Back before I had children I taught Secondary Science in tiny little schools. My default position on student requests was generally “No,” or at least “Let me think about it.” And that was a pretty sensible position to take when you consider mixing kids who’ve barely been to school, let alone science class, with acids, electricity and flames. And it could be argued that it’s also a sensible position to take with children under the age of, oh, marriage, because common sense really isn’t that common.
Even with the default I taught many memorable lessons, like the time someone knocked over the large beaker of boiling copper sulfate. Or the bang and flash when an innocent student plugged something into the socket another student, luckily not mine, had shoved a paperclip into. Or setting fire to large chunks of steel wool when they were supposed to be investigating fuses (it did break the circuit). Or the time the sodium exploded and molten sodium splatted on the ceiling then rained down in little flaming droplets. Oh wait, that was me. Putting the scalpel on the wrong way and sticking it into a finger was me too. Hmm.
So it seems I have a certain genetic basis for trepidation when it comes to letting my toddlers loose.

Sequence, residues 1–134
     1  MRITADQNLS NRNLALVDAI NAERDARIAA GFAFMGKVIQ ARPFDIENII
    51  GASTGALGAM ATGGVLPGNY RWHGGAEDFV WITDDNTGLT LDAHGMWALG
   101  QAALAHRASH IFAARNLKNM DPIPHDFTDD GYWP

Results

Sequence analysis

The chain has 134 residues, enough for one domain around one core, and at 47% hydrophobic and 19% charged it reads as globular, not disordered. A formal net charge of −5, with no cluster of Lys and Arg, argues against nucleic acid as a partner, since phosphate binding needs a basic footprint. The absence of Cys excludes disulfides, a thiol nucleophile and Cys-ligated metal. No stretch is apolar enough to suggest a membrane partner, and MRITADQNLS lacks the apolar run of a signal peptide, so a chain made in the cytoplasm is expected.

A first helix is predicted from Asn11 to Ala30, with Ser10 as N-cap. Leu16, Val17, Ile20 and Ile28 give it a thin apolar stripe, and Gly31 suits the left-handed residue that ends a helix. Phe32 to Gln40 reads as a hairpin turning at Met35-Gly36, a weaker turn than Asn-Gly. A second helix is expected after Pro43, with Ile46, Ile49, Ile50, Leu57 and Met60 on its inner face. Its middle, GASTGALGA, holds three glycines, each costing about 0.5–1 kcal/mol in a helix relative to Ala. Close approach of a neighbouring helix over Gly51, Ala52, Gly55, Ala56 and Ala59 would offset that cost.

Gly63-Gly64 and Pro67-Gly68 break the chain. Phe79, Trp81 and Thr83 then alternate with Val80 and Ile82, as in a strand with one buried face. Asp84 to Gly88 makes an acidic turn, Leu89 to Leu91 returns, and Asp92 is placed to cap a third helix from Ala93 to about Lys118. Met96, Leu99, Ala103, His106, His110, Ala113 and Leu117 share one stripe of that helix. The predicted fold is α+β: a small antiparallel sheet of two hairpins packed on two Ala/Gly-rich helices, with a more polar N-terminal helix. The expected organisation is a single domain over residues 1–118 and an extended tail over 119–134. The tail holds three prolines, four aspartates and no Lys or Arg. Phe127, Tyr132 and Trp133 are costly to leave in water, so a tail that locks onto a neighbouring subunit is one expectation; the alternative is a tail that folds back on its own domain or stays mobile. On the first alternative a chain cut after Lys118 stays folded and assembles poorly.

But really, what’s the worst that can happen?
Put in the standard disclaimer here, I’m not talking about anything near roads or letting them loose in the medicine cabinet. There are certain things that are just plain dangerous, accidents happen and toddlers really don’t have any common sense. But bumps and bruises and stubbed toes are a part of life.
I know that using playdough in the paddling pool is going to be soggy and fairly revolting. They didn’t, and they haven’t asked to do that one again.
I know that hosing shaving cream off the driveway will make it extremely slippery. They didn’t, now they’re very careful where they walk.
I know that water colours aren’t going to cut it on pretty much anything except paper and YOU ONLY NEED A TINY BIT OF WATER and stickers won’t stick on other things once you’ve put them on your sister’s back. They didn’t, now they ask for the alternatives.
I know that mixing red and green and blue and orange and that much water with the rice is going to turn into a sludgy brown mess. They didn’t, now, actually that one they still do.
Maybe the way we develop common sense isn’t by having success. Maybe common sense is really another name for experience. And the experiences we remember seem to be the ones where things didn’t really go to plan, because we know next time we have to do it differently.
So the next time your child asks to do something you know is going to be a disaster, don’t use the default “No.” Take a deep breath, take some basic precautions (generally here that means outside and stripped off) and say “Sure darling, why don’t we try that?”
Have you had some complete disasters? Proudly tell us how you were really just giving your children the opportunity to experience and learn for themselves.
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